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No Roof, No Floor

Robert Rackley
Robert Rackley
2 min read
No Roof, No Floor
Scout Gillett

I generally don't do year-end lists, but I like to share a couple of my favorites things from the past year. In this interstitial time between Christmas and New Year's, I get a chance to reflect back on what I've enjoyed, while having very few demands on my time.

I first wrote about Scout Gillett earlier in the year, when she covered a Broadcast song, before her debut record No Roof, No Floor was released. I was looking forward to the full-length, but since Americana/country/folk is not my most-loved genre, I wasn't sure how much I was going to get into it. Though I enjoyed it at first listen, it's taken me a few months to come back to it and really give it the attention it deserves. The title track is my pick for my favorite song of the year. The song has stuck to me in a way that no others in 2022 have. It doesn't hurt that it follows familiar patterns set by the Angel Olson song "Sister" from 2016's My Woman.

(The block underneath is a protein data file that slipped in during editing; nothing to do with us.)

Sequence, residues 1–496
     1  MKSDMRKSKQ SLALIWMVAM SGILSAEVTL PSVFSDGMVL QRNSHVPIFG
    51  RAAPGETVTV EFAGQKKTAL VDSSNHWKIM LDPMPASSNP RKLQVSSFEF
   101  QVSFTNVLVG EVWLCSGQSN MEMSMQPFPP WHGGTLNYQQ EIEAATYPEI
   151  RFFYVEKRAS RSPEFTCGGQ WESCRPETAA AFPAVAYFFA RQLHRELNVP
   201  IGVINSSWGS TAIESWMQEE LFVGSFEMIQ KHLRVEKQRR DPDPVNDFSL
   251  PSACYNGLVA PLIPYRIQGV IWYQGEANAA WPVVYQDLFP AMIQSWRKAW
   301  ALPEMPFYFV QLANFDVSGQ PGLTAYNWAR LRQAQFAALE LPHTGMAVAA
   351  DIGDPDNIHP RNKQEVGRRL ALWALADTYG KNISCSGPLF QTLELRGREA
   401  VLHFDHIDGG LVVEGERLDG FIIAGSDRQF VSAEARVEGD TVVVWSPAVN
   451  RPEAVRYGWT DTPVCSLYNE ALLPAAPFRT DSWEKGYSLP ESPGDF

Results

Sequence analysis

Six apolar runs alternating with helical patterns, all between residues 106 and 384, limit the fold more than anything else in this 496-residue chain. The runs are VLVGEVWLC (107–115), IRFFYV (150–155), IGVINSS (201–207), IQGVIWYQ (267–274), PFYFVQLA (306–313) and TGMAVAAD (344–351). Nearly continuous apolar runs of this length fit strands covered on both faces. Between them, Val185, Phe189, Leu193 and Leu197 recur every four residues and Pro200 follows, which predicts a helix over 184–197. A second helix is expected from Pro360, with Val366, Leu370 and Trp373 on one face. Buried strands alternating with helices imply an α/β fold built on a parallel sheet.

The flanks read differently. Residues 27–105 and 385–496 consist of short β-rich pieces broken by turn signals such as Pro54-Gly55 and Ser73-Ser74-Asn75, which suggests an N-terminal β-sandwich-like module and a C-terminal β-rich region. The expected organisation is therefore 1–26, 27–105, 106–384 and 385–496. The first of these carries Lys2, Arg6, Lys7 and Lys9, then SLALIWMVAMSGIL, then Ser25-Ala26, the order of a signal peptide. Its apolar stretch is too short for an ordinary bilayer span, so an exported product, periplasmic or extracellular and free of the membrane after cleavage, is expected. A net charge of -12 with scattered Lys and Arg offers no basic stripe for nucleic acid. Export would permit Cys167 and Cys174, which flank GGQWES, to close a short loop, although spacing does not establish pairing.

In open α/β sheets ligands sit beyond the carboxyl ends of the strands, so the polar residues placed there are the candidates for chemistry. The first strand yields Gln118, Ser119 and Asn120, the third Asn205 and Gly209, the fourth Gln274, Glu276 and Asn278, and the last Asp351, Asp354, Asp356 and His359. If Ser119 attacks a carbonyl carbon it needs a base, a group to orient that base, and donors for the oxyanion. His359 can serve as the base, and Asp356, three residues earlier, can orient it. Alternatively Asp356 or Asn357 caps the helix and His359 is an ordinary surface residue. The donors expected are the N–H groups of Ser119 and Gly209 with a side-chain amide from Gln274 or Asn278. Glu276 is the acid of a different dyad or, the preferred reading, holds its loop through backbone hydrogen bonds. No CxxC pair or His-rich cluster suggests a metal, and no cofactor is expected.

"No Roof No Floor" starts of slowly and softly, carefully welcoming the listener into Gillett's world and letting them get settled. It rumbles along at a steady pace, convincing us that, as Gillette says, "lovin' should be this easy if we just would believe it," until a break in the middle. It's just enough time for Gillett to catch her breath along with a simple strum before belting out the chorus with her powerful voice, with all emphasis on those lines that she keeps coming back to. It's as if she's spent almost all of her lyrics in the first part of the song, and she has to put the full force of her emotional energy into those particular words.

In this live version of "No Roof No Floor" from the Chicken Shack, you really get a sense for the physical effort performing the song takes. While Gillett stretches her mouth as wide as it can possibly go to give the chorus the punch it has in the studio recording, Athena from her backing band shreds the guitar solo that makes it feel like the whole room is going to implode. Nothing actually comes down, and you still have a roof as well as a floor, but the space is changed from all that has transpired.

Friday Night VideoNoise

Robert Rackley

Orthodox Christian, aspiring minimalist, inveterate notetaker, software dev manager and paper airplane mechanic.


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